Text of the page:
A University of Cyprus project on the effects of Dark Matter and Dark Energy on gravitational theory has won a 1.2 mln euro grant from the European Research Council (ERC) as part of ‘consolidator grants’ worth 575 mln disbursed to 312 scientists.
Grants are worth up to 2.75 mln each, with an average of 1.84 mln per grant. This new funding will enable already independent excellent researchers to consolidate their own research teams and to develop their most innovative ideas across the European Research Area, the ERC said in an announcement.
The sole Cypriot project, headed by Dr. Constantinos Skordis on “Theories and Models of the Dark Sector: Dark Matter, Dark Energy and Gravity (TheMoDS)” tests the assumptions of the governing theory of gravity, Einstein’s General Relativity: asking whether it holds all the answers.
Dr Skordis and his team are exploring the effects of the Dark Sector and gravity on the evolution of the cosmos. The Dark Sector is made up of Dark Matter and Dark Energy. This ERC-funded research aims to test current paradigms further, and in the process to revise our knowledge of the Dark Sector.
Specifically, the TheMoDS project will work towards a more accurate assessment of Dark Matter and Dark Energy and attempt nothing less than a testing of gravitational theories against cosmological evidence. They will draw chiefly on cosmic microwave radiation data from ESA's Planck Surveyor and the Atacama Cosmology Telescope (established in the desert in Northern Chile).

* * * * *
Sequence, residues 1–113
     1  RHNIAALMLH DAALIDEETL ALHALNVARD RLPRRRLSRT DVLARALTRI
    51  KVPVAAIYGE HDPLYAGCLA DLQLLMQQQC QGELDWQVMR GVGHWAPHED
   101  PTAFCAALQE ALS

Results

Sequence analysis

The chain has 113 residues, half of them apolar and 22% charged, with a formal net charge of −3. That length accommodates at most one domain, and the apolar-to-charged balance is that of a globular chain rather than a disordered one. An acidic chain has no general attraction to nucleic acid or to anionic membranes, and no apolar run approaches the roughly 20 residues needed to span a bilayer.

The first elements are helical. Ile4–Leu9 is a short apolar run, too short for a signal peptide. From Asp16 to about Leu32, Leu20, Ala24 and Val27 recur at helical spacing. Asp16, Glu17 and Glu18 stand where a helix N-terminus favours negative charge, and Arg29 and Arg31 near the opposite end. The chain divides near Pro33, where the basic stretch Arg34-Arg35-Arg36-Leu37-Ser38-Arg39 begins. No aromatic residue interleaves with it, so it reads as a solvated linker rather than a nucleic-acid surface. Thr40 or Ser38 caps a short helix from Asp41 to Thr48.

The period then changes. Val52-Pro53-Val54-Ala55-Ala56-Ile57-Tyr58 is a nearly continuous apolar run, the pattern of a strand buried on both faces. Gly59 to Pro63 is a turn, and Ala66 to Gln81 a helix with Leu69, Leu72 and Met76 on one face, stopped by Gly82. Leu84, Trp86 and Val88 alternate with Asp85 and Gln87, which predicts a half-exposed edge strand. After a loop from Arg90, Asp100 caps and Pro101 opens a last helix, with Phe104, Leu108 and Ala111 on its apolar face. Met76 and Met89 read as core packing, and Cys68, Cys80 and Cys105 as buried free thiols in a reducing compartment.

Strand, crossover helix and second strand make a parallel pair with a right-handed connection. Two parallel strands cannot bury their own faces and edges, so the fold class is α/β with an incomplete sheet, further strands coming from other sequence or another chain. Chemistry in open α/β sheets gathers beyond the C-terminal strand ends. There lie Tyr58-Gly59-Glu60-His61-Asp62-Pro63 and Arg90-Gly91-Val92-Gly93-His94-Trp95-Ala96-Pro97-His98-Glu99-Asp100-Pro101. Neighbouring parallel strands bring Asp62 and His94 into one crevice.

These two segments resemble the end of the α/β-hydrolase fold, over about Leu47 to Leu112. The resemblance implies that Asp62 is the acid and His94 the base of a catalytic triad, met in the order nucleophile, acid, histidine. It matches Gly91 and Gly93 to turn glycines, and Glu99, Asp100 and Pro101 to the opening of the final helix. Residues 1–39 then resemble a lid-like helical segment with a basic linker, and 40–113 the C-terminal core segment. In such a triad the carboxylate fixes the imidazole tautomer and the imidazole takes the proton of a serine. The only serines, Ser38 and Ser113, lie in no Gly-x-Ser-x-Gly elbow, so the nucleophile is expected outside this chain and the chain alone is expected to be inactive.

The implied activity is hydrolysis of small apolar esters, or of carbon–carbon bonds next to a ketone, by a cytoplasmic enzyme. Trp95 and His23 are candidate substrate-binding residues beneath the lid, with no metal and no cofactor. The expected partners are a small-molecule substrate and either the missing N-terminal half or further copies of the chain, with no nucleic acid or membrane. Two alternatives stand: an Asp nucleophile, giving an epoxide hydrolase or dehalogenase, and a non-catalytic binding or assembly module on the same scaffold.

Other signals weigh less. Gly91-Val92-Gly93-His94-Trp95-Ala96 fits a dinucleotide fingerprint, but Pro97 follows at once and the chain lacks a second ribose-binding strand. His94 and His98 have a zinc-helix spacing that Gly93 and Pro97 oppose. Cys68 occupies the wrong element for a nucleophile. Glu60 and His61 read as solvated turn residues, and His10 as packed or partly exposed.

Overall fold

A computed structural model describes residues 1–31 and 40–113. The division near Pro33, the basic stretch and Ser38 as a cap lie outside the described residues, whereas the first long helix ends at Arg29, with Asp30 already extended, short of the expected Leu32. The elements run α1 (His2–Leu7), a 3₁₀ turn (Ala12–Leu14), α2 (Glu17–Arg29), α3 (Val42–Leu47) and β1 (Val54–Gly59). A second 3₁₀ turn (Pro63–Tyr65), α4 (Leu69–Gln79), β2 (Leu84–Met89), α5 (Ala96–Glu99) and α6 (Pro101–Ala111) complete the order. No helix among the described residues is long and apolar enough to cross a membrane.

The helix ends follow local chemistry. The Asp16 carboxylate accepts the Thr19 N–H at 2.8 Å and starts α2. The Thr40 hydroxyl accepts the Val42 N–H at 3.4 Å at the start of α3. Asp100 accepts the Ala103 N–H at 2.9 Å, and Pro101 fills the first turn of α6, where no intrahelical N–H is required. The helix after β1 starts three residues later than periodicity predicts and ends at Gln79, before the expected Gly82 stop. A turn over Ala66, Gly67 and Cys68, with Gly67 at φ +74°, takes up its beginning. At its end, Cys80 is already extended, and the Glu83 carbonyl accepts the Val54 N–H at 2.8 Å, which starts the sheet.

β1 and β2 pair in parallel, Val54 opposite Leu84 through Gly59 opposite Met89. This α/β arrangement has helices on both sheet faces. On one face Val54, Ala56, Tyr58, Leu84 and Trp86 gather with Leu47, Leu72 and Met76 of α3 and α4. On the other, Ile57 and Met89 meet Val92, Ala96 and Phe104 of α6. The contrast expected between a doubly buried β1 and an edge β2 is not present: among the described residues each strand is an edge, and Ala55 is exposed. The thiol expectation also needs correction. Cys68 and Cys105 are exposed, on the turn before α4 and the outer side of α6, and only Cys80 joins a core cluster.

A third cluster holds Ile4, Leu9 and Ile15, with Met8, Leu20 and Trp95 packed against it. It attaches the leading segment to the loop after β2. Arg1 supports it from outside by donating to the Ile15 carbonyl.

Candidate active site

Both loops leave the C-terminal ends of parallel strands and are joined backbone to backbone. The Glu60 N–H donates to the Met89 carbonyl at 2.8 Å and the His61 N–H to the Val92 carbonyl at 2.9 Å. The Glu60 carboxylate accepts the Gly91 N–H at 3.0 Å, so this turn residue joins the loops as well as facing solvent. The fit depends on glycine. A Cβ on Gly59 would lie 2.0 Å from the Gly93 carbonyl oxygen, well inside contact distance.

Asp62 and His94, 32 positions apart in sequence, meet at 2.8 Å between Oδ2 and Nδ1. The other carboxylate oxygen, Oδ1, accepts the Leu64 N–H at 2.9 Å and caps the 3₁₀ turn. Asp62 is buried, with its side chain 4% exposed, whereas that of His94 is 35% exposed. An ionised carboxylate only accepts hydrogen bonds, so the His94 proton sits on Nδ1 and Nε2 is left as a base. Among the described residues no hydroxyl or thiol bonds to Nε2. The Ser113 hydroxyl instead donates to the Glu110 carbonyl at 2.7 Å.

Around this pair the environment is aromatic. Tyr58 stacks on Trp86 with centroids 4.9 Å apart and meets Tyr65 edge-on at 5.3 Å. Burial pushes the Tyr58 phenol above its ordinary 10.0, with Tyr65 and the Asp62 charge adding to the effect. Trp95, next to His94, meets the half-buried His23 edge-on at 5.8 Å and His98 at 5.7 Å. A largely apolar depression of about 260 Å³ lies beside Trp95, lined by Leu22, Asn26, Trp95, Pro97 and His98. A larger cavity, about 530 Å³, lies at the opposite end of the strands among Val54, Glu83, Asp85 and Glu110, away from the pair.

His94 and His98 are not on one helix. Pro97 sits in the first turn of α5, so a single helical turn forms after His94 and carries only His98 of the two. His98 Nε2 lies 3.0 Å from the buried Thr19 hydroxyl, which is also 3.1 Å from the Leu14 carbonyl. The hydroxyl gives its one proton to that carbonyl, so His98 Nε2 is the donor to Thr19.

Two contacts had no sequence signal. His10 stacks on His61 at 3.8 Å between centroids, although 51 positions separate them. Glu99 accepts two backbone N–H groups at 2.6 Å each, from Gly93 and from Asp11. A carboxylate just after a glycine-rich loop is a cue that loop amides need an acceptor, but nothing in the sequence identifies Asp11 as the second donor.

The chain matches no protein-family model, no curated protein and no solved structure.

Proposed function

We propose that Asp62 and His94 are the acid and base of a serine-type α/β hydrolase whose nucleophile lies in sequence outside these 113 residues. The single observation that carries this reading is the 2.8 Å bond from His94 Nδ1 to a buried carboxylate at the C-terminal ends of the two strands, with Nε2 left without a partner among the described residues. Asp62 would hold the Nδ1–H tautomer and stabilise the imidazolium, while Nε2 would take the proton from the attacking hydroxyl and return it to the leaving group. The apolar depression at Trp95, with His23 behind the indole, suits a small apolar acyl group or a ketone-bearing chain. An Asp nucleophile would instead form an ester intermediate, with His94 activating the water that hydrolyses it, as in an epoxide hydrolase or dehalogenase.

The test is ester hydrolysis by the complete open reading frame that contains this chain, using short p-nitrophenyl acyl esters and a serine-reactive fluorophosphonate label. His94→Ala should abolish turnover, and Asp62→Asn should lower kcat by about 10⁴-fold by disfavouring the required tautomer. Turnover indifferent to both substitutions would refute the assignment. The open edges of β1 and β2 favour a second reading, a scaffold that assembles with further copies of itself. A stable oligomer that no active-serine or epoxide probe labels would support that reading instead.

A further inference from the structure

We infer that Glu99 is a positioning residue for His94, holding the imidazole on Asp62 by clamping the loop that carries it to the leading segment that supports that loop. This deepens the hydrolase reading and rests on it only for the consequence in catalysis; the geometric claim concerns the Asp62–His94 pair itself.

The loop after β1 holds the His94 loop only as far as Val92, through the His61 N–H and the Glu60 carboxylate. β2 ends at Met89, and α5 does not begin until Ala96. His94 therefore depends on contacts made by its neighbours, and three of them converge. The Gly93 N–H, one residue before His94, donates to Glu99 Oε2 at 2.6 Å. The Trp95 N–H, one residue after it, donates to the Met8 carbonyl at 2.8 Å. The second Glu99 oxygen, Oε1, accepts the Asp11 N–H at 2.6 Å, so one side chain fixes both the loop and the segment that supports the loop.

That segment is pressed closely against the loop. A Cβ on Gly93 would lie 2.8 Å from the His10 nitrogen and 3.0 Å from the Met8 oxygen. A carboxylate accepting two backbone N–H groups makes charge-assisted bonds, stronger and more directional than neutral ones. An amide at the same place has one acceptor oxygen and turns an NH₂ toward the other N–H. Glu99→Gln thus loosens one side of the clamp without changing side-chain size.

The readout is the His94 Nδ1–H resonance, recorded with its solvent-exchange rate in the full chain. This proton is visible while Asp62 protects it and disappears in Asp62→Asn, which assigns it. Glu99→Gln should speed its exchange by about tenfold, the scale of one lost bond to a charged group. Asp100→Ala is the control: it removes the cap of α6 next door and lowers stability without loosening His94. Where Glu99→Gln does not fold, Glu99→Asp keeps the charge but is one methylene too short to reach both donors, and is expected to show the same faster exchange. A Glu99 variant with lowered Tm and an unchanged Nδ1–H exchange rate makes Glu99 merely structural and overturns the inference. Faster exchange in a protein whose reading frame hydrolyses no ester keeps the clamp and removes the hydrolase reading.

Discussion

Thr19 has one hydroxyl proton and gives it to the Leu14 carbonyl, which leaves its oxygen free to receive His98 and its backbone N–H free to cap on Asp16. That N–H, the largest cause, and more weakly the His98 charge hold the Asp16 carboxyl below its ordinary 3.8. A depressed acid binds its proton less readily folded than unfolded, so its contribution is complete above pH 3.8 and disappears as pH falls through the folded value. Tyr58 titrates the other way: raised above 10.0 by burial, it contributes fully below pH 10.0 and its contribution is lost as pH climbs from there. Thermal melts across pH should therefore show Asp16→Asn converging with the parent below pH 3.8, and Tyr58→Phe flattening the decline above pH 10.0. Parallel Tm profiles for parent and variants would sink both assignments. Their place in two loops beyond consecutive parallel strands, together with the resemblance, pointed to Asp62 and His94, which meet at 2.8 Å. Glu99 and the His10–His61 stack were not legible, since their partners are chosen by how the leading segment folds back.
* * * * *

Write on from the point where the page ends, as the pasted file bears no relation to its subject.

Data from the Planck Surveyor, as well as other available observations of the solar system, will allow them to test theoretical models and in doing so reach a more accurate understanding of the workings of Gravity and the role of the Dark Sector in cosmology.
“These researchers are doing ground-breaking work that will advance our knowledge and make a difference to society. The ERC is supporting them at a key moment where funding is often hard to come by: when they need to move forward in their career and develop their own research and teams,” said European Commissioner for Research, Innovation and Science Máire Geoghegan-Quinn.
The newly appointed President of the ERC, Professor Jean-Pierre Bourguignon added: “Judging by the ever increasing demand for ERC grants, especially from early- and mid-career researchers, it is clear that funding of this kind is much needed. It’s pivotal for Europe to create conditions for its new generation of researchers to thrive while following their scientific curiosity.”
With over 3600 proposals submitted, the demand for these grants rose by 46% this year, compared to the corresponding group of applicants in 2012. The ERC Consolidator Grant scheme targets researchers with seven to twelve years’ experience after their PhD, a period of the scientific career covered until 2012 under the Starting Grant scheme. The share of women amongst the successful candidates in this call (24%) increased in comparison with the equivalent group of mid-career researchers in 2012 (22.5%). The average age of the selected researchers is 39. The overall success rate is 8.5%.
In this call, grants were awarded to researchers of 33 different nationalities, hosted in institutions located in 21 different countries in Europe, with nine of them hosting five grantees or more. The UK (62 grants), Germany (43) and France (42) are in the lead. Researchers are also hosted in the Netherlands, Switzerland, Spain, Italy, Israel, Belgium, Sweden, Austria, Denmark, Finland, Portugal, Greece, Hungary, Ireland, Turkey, Cyprus, the Czech Republic and Norway.
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